PA Madeleine Teahan says more and more Catholics are trying out dating websites. And, what's more, they work In March an advertisement appeared in a German Catholic newspaper that would change the history of the Catholic Church. They soon married and Maria gave birth to three children; Georg, Maria and Joseph. But the modern equivalent — Catholic dating websites — are producing happily-ever-afters for Catholics. In some respects, this makes sense. In our busy single lives, how often do we attend Mass at the same time and same location every week?
How regularly are we free to attend parish events and how often will we meet someone young and single there? I made friends with Clare shortly after her engagement.
Suddenly it became a little awkward. She was striking, exceptionally bright and heavily involved with her university chaplaincy. I was shocked and a little disillusioned that she had resorted to a dating website and had not met a Catholic spouse sooner.
But Clare was at a different point in her life than most of her fellow Catholics at university. She was slightly older, a recent convert to Catholicism and was still considering her vocation. After a period of discernment, Clare returned from a pilgrimage in Rome having realised that her vocation was marriage and motherhood, not religious life.
Two of her close friends had both met their husbands through Catholic Match and encouraged her to follow their example. By meeting on a Catholic site, your relationship is grounded in the faith from the outset and God is at the centre. The website also asks if you have tattoos or piercings.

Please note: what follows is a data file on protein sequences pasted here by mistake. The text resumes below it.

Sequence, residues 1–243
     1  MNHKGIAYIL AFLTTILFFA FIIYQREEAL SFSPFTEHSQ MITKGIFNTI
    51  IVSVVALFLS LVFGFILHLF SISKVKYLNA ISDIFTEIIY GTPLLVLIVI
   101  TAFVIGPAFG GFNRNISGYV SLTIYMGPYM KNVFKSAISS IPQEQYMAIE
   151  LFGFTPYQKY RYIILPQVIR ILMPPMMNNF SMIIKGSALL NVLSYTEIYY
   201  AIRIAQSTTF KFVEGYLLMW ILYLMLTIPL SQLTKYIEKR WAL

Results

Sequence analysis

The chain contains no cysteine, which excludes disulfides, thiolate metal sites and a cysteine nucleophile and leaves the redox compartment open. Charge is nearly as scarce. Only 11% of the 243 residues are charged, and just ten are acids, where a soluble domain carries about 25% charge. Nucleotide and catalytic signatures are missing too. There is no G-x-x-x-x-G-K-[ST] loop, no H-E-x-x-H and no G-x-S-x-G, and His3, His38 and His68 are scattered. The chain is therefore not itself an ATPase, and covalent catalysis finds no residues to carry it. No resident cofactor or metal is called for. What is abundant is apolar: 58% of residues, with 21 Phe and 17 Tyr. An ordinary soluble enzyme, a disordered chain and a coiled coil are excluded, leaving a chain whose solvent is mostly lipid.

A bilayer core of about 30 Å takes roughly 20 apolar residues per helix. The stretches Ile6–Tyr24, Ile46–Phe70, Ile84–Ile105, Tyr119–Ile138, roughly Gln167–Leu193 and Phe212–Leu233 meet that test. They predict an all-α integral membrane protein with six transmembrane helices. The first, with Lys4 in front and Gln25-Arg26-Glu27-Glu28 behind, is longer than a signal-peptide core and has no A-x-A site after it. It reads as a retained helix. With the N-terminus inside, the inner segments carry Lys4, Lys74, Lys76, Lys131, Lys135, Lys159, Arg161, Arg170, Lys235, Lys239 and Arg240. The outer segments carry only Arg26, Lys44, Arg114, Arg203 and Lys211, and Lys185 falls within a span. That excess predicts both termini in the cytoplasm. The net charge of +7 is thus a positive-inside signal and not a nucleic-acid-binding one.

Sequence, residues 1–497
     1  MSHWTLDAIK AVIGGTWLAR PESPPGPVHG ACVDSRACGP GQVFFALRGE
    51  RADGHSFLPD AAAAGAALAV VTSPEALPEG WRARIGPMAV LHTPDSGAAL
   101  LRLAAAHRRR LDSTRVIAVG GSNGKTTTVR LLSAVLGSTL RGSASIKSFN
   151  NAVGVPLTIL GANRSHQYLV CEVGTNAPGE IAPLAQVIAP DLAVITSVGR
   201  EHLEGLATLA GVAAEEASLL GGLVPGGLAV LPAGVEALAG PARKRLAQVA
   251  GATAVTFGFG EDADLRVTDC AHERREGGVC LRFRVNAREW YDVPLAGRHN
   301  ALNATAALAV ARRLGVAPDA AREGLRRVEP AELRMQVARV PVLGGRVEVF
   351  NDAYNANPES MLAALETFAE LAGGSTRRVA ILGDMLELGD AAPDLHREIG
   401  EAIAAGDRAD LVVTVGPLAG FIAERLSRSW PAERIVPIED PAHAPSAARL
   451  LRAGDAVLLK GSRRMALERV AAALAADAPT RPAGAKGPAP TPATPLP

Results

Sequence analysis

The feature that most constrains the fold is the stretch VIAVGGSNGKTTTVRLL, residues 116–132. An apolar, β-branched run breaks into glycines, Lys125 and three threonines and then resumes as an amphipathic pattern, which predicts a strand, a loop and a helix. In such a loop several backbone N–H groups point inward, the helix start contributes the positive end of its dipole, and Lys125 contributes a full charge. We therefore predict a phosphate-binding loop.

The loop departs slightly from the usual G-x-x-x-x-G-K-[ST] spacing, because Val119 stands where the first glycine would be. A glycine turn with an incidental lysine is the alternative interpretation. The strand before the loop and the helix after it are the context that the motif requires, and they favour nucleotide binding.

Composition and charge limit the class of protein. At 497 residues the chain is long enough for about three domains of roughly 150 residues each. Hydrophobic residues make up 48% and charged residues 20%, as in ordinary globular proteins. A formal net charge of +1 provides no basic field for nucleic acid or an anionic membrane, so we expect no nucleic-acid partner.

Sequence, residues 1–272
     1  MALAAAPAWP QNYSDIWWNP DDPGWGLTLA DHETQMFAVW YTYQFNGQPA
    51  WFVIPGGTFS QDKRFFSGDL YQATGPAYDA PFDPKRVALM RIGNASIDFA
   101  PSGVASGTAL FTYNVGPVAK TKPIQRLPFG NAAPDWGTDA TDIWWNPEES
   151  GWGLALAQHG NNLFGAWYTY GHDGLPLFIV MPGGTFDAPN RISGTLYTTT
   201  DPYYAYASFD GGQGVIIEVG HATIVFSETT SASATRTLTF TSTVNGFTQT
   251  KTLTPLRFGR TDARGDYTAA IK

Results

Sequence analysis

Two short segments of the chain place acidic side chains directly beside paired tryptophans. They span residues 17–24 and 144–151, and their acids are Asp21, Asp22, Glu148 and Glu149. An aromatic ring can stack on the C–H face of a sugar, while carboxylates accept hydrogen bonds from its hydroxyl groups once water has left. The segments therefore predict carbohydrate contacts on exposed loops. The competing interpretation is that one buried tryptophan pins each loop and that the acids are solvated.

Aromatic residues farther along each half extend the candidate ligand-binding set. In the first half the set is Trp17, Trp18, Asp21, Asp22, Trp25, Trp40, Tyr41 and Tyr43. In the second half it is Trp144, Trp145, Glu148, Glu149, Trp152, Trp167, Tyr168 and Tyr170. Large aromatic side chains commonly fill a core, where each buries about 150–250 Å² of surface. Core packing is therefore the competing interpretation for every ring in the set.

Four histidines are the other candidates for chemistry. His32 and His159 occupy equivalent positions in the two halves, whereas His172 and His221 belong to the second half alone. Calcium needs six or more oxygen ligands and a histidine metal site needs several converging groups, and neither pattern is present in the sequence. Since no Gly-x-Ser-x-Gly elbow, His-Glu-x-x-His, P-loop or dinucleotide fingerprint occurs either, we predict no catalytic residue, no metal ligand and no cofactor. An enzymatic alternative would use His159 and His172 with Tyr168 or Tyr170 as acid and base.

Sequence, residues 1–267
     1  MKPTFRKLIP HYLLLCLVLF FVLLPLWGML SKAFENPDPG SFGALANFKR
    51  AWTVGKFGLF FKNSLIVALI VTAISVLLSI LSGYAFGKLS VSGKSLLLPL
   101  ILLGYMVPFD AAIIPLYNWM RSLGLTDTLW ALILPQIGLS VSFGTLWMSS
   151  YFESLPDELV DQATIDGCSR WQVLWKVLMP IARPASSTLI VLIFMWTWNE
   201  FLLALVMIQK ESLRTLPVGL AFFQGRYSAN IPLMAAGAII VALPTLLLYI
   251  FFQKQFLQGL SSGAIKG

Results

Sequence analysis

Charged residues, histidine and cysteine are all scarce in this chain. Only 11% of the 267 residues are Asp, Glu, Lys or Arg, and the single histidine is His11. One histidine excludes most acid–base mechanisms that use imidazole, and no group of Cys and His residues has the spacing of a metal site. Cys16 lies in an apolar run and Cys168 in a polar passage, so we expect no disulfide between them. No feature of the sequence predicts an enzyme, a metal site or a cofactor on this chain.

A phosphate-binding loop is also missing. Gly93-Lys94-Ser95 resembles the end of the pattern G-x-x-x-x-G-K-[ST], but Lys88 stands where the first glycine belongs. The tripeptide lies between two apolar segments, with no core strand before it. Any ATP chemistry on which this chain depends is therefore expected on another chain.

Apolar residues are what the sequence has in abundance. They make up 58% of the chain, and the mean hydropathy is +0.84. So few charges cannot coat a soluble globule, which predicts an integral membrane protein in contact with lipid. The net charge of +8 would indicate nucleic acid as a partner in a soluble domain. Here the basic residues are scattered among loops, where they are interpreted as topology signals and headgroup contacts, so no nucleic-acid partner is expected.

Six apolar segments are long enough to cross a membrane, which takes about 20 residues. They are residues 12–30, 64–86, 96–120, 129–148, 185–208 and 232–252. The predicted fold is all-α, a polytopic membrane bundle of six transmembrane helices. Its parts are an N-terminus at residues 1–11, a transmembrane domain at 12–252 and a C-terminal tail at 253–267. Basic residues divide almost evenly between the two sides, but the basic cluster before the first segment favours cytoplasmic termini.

Some Catholics may be put off at this point. Is it really necessary to include a questionnaire checking if Catholics accept basic Church teaching? But painful as it is, at least such questions sharpen the process of elimination. Thanks to this section, you are less likely to endure a steak dinner while your date insists the Pope is personally responsible for the Aids epidemic in Africa or that she thinks she has a vocation to the Catholic priesthood.
Of course, no tick-box exercise can completely assess romantic compatibility. A lawyer first made contact with Clare and they seemed to get on reasonably well over email. Providentially, Clare soon heard from James, a year-old teacher. He had been using Catholic Match on and off for five years and was about to give up.
James had initially signed up because he was a busy bachelor who worked long hours in the week and often felt too exhausted to socialise at the weekend. For him, Catholic Match was a perfect way of meeting new Catholics.
They agreed they would start with Mass at Westminster Cathedral. But they both spotted each other praying in the Lady Chapel beforehand.
After eight months of courtship they were engaged and then married. Clare gave birth to a baby boy this Christmas. Subscribe at your app store: